By Darlene Casten
The decision to move their son’s killer to an Edmonton psychiatric hospital for
increased reintegration into society has a Filipino family feeling hopeless.
The Alberta Review Board released it’s decision for Matthew de Grood Oct 3.
de Grood was found not criminally responsible for the killing of five university
friends at a gathering April 15, 2014. He was diagnosed with PTSD, major
depressive order and schizophrenia, which is now in full remission.
The review board decision will see de Grood move to the Edmonton hospital and
likely into a halfway house within the next year.
Marlene and Lorenzo Hong’s son Lawrence was one of the five people killed at the
party four years ago.
They say the system doesn’t listen to the concerns of the victim’s families.
“It is the Canadian system,” says Marlene. “What can I do? Can anyone change it?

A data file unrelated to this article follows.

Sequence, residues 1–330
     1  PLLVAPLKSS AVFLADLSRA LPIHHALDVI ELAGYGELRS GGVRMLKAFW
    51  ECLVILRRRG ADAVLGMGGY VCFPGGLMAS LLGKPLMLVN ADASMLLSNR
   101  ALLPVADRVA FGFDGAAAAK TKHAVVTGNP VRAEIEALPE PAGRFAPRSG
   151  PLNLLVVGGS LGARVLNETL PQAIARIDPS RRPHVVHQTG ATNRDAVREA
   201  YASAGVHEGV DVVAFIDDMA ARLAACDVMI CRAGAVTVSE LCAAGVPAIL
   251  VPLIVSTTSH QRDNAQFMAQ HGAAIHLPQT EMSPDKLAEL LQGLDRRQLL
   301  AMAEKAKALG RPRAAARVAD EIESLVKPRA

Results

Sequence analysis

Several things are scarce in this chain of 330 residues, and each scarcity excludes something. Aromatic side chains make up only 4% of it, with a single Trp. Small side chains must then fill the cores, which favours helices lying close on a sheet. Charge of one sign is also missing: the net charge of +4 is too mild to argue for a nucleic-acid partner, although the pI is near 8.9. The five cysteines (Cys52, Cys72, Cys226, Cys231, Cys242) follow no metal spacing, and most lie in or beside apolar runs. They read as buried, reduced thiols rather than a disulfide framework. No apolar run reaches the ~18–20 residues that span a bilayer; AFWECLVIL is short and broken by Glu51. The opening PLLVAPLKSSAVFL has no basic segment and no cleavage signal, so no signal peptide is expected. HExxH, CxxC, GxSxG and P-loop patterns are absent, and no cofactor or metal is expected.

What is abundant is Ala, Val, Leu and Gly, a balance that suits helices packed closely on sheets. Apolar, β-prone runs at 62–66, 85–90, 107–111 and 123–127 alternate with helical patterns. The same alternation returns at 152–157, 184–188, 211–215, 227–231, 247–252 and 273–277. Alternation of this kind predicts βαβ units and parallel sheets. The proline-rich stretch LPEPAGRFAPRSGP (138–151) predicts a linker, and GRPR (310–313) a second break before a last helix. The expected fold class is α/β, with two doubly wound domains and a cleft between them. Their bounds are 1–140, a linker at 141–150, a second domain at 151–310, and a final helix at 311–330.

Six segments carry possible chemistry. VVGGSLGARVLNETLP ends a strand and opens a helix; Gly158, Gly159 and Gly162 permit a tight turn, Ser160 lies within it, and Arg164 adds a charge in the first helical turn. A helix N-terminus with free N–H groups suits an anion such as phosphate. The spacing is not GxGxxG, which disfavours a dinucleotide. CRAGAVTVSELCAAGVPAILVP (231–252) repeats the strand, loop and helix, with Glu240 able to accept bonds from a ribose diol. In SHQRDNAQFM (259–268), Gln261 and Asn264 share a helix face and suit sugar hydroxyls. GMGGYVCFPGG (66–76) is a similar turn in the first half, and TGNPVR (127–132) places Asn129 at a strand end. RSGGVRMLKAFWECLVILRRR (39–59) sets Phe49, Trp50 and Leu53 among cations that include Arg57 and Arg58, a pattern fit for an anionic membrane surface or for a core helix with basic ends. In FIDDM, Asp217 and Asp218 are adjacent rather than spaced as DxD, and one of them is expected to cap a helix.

Other cases with people found not criminally responsible have also had notoriety,
but in the end nothing changes, she says.
“NCR victims before us had done a lot but the news just died,” says Marlene.
A disposition before a six-panel board was held Sept. 7 in a Calgary courtroom.
In their decision the panel members expressed concerns over de Grood’s
psychiatrist meeting with the victim’s families and incorporating their concerns into
“Dr. Santana’s duty to his patient is paramount,” the review board recommendations
read. “The recommended Conditions and Privileges are to the be the least onerous
provided that they address the paramount consideration of the safety of the public.”
The panel reflected on de Grood’s psychiatric team’s recommendations to keep him
in Calgary, but concluded it would be a “toxic” environment for him to be in.
They noted that a Calgary dentist rejected de Grood for treatment because of his
notoriety in the community and his family fears media scrutiny and the victim’s
families continue to keep his case in the news, the report concluded.
Alberta Hospital Edmonton also has additional programs, not offered in Calgary,
where de Grood has completed all available programming and even helped facilitate
a psych education course with staff.
The board allowed for de Grood to have unsupervised use of the hospital grounds
and supervised visits around Edmonton.
de Grood has annual hearings to determine his conditions and privileges, but his
team can ask for an early hearing if they want to make additional changes.